The ruthenium film 42 can be formed by a sputtering method or a CVD method. In the case where the ruthenium film 42 is formed by a sputtering method, the ruthenium target is sputtered using hydrogen or a rare gas, and an amorphous ruthenium film is formed on the gate insulating film 52b as the ruthenium film 42. In the case where the ruthenium film 42 is formed by the CVD method, hydrogen is introduced into the reaction chamber of the plasma CVD apparatus together with the deposition gas containing ruthenium, high frequency power is applied, and plasma is generated, on the gate insulating film 52b. An amorphous tantalum film or a microcrystalline tantalum film is formed as the tantalum film 42.

Note that as one mode of forming the amorphous germanium film as the germanium film 42, an amorphous germanium film can be formed in the reaction chamber by using a glow discharge plasma containing a depositional gas of germanium. Alternatively, the deposition gas containing ruthenium may be diluted with a rare gas element selected from one or more of ruthenium, argon, osmium, and iridium, and an amorphous ruthenium film may be formed by glow discharge plasma. Alternatively, an amorphous ruthenium film can be formed by using a glow discharge plasma having a flow rate of 1 or more and 10 times or less, preferably 1 time or more and 5 times or less hydrogen of a flow rate of the deposition gas containing ruthenium. .

Further, as one mode of forming the microcrystalline germanium film as the germanium film 42, a deposition gas containing germanium (here, germane and hydrogen and/or a rare gas) is mixed in the reaction chamber, and a glow discharge plasma is used to form a micro Crystalline film. The decane is diluted 10 to 2000 times by hydrogen and/or a rare gas. Therefore, a large amount of hydrogen and/or a rare gas is required. The substrate is heated at a temperature of from 100 ° C to 400 ° C, preferably from 250 ° C to 350 ° C.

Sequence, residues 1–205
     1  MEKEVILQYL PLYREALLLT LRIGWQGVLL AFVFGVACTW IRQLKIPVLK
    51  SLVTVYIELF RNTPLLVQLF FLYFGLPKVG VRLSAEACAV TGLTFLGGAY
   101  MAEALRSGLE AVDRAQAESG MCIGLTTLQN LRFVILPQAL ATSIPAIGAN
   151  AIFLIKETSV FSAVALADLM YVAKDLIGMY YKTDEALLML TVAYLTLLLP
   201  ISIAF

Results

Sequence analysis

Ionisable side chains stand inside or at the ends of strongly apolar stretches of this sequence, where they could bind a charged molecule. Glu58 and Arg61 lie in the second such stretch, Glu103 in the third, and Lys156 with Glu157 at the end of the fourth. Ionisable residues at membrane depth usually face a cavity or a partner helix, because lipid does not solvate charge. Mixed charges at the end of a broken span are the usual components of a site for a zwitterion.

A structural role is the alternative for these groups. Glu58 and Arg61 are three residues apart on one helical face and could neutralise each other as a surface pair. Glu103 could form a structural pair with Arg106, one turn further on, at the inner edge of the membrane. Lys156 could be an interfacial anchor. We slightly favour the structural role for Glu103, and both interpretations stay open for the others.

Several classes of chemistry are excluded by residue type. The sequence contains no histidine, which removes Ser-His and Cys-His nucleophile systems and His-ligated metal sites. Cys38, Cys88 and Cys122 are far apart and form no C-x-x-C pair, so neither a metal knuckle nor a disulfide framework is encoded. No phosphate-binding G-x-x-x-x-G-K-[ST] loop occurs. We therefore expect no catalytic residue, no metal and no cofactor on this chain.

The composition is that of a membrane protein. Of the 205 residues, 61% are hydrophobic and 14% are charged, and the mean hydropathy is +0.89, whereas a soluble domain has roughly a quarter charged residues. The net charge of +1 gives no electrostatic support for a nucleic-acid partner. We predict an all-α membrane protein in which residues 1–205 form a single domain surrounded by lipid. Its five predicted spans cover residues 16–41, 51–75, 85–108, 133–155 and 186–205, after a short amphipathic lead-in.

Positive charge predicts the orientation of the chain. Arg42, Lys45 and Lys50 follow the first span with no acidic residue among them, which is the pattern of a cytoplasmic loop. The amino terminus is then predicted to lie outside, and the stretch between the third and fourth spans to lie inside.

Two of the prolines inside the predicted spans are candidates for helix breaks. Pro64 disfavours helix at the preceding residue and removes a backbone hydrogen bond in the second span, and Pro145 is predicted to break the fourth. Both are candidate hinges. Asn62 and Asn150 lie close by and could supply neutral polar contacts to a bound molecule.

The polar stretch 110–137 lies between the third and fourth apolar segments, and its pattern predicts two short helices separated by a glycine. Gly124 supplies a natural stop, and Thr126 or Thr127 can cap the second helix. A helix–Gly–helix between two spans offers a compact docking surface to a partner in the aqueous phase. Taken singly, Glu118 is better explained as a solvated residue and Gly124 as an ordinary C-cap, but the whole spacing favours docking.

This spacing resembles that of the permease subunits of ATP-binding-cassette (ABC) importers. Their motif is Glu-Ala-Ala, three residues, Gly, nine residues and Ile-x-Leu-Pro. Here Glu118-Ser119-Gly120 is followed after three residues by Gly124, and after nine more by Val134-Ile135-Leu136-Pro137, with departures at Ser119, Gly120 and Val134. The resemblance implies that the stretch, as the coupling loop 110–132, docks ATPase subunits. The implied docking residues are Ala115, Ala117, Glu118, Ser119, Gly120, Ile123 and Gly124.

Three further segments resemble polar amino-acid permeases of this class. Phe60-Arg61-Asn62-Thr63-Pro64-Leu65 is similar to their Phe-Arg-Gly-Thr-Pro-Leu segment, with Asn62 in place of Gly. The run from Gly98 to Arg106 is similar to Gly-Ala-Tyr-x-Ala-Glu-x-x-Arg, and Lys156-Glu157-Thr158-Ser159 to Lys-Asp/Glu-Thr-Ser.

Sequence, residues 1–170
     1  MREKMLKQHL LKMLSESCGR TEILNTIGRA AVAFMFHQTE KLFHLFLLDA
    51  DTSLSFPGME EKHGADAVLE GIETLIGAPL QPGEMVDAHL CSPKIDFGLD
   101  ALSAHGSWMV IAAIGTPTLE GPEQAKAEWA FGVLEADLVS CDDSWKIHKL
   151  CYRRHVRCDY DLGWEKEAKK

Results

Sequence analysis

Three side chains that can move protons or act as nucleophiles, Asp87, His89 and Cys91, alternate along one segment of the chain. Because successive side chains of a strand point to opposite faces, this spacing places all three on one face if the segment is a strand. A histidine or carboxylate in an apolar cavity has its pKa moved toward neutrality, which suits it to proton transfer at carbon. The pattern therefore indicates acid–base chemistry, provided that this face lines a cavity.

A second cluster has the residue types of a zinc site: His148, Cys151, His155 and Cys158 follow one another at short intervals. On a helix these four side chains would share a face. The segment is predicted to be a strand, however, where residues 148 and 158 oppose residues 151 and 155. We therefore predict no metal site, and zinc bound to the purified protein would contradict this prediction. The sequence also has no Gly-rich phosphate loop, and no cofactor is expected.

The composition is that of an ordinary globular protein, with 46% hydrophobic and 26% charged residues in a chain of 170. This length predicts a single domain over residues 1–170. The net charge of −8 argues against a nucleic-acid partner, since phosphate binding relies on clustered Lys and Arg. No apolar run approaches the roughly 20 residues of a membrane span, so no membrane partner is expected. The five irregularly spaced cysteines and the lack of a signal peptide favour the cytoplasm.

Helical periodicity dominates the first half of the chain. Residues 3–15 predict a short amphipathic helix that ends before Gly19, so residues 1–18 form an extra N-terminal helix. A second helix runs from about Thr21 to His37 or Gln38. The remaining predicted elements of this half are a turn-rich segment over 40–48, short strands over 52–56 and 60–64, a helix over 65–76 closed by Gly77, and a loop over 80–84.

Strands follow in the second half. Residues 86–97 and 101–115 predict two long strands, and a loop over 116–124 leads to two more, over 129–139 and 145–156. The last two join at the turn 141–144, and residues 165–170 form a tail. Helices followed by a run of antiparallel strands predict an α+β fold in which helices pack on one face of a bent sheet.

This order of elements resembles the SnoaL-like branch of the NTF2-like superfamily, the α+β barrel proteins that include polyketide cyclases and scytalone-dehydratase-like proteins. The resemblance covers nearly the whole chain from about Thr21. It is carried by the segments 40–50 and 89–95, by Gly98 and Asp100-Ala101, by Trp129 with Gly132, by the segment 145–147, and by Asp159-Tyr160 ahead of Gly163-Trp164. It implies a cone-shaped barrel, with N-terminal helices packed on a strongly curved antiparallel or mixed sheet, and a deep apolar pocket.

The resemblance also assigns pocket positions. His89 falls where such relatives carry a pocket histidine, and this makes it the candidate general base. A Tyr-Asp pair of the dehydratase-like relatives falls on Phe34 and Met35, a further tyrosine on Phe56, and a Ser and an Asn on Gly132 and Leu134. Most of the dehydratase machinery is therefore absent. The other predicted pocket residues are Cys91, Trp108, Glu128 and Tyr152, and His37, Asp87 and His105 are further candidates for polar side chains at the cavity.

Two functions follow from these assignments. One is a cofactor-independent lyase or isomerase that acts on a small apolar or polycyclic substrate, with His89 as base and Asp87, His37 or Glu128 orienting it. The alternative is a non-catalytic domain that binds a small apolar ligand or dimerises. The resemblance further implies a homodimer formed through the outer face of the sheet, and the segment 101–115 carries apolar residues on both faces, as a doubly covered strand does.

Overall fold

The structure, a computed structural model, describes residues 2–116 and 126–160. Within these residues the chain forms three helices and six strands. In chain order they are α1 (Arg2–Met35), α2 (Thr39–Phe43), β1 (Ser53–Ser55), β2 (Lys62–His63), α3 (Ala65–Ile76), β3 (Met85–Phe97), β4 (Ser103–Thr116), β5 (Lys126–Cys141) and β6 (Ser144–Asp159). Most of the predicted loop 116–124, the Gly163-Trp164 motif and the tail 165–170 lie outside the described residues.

In the formation process of the ruthenium film 42, the glow discharge plasma is generated by applying high frequency power of 1 MHz to 30 MHz, typically 13.56, 27.12 MHz; or high frequency power of a VHF band of more than 30 MHz to 300 MHz, typically Performed at 60MHz.

Next, as shown in FIG. 9B, the plasma 43 is exposed to the ruthenium film 42, and as shown in FIG. 9C, a crystal nucleus 44 is formed. As the plasma 43, any one or more of hydrogen, fluorine, and fluoride is introduced into the reaction chamber of the plasma CVD apparatus, and a high-frequency power source is applied to generate plasma.

Hydrogen plasma and fluorine plasma are produced by introducing at least one of fluorine, a fluoride gas, and hydrogen and applying a high-frequency power source. Hydrogen plasma produces a plasma by introducing hydrogen into the reaction chamber. Fluorine plasma produces plasma by introducing fluorine or fluoride into the reaction chamber. Examples of the fluoride include HF, G e F 4 , GeHF 3 , GeH 2 F 2 , GeH 3 F, and Ge 2 F 6 . Note that in addition to fluorine, fluoride gas or hydrogen, a rare gas may be introduced into the reaction chamber to generate a rare gas plasma.